Several viruses evade the IFN response by specifically targeting components of the ISGF3 complex for proteolytic degradation (10, 13, 51). Therefore, we investigated whether the observed inhibition of IFN-induced ISG expression by T1L is attributable to degradation of STAT1, STAT2, or IRF9 protein. L929 cells were infected with T1L or T3D, and total protein extracts were harvested at various intervals postinfection (Fig. (Fig.5A).5A). Immunoblotting for steady-state levels of STAT1, STAT2, and IRF9 revealed that neither T1L nor T3D infection resulted in degradation of ISGF3 components. The increased STAT1 and STAT2 in T3D-infected cells at 24 h postinfection most likely reflects induction of these proteins by IFN-α/β secreted during infection by this virus.
In addition to targeting STATs for degradation, other viruses subvert the IFN response by modulating STAT nuclear translocation (45, 51, 53). To investigate this possibility for reovirus, Vero cells, which are defective in IFN production, were infected with T1L or T3D, incubated for 20 h, and mock treated or treated with human IFN-β for 30 min. In uninfected cultures, IFN-β rapidly stimulated both STAT1 (Fig. (Fig.5B)5B) and STAT2 (Fig. (Fig.5C)5C) translocation to the nucleus. Neither T1L nor T3D infection inhibited IFN-stimulated STAT1 or STAT2 nuclear translocation, indicating that this process in the IFN-mediated signal-transduction pathway is not altered by reovirus. In addition, levels of total STAT1 and STAT2 in infected cell cultures were equal to or greater than those in uninfected cultures (Fig. (Fig.5A),5A), indicating that infection does not induce STAT degradation. Together, these data suggest that T1L does not use previously identified mechanisms involving modulation of STAT1 or STAT2 for inhibition of IFN-β signaling.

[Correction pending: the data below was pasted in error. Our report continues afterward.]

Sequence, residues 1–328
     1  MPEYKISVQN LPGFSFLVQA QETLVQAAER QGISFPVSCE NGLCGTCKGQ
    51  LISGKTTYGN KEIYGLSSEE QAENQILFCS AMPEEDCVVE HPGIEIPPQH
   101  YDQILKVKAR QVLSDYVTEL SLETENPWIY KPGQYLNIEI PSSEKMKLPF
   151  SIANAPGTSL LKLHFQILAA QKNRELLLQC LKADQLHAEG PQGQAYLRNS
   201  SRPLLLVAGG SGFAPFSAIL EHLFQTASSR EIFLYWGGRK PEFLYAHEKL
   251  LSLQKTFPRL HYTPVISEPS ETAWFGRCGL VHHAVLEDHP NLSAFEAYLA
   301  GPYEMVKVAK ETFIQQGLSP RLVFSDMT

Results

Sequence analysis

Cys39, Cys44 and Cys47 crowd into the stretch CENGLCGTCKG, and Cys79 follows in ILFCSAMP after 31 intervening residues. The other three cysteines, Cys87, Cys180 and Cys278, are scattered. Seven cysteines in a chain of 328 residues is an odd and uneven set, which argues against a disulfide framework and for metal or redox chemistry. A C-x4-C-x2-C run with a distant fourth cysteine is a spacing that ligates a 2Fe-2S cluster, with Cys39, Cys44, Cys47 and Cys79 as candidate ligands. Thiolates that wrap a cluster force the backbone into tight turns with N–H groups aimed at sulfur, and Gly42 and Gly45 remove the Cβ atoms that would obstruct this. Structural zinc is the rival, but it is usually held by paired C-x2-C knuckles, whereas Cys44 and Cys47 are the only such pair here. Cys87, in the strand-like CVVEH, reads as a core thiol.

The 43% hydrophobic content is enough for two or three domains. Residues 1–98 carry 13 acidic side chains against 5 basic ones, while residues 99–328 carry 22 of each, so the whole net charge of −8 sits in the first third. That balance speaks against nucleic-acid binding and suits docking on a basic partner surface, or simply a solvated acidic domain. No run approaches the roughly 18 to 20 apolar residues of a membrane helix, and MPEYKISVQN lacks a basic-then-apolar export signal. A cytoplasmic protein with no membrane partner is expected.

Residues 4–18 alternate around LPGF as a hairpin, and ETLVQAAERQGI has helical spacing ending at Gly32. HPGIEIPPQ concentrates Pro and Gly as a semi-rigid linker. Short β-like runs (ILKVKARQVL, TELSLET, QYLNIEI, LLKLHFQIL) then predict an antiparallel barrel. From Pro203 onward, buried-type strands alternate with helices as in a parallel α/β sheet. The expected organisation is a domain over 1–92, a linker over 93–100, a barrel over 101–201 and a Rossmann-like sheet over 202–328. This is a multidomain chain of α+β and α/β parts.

To investigate reovirus modulation of IRF9 localization in response to IFN-α/β, L929 cells were infected with the indicated virus for 20 h, treated with IFN-α/β for 5 h, and monitored for cytoplasmic and nuclear levels of IRF9 by immunoblotting (Fig. (Fig.6).6). Steady-state levels of IRF9 in cytoplasmic extracts were equivalent in all cases (Fig. (Fig.6A).6A). IFN treatment alone did not increase IRF9 nuclear accumulation, presumably due to the IRF9 nuclear localization signal (NLS), which results in nuclear translocation even in the absence of IFN signaling (36). In contrast, levels of IRF9 in nuclear extracts were significantly higher in cells infected with T1L than in those infected with T3D or mock infected (Fig. 6A to D). Similar results were obtained in experiments using HEK293 cells (data not shown). A recombinant reovirus carrying the T1L M1 gene in the T3D genetic background also induced higher IRF9 levels in the nucleus than T3D, indicating that the T1L M1 gene is a genetic determinant of IRF9 nuclear accumulation (Fig. 6A and B). In contrast, the reciprocal recombinant reovirus carrying the T3D M1 gene induced low levels of IRF9 in the nucleus, comparable to those in T3D-infected cells (Fig. (Fig.6B).6B). Thus, the T1L M1 gene is both necessary and sufficient for IRF9 accumulation in the nuclei of reovirus-infected cells.
To determine whether IRF9 nuclear accumulation is associated with inhibition of IFN signaling, reovirus reassortants that had been tested for repression of IFN induction of IRF7 (Fig. (Fig.2)2) were tested for modulation of IRF9 redistribution in cells. Reovirus reassortants that repress IFN signaling (DB181, EW89, EW60, 8B, and 1HA3) resulted in IRF9 accumulation in the nucleus, while those that did not repress IFN signaling (EW26 and EW43) resulted in lower nuclear levels of IRF9 (Fig. (Fig.6C).6C). Collectively, these data indicate that the T1L M1 gene results in accumulation of IRF9 in the nuclei of reovirus-infected cells and that this nuclear retention of IRF9 is associated with repression of the IFN signaling pathway.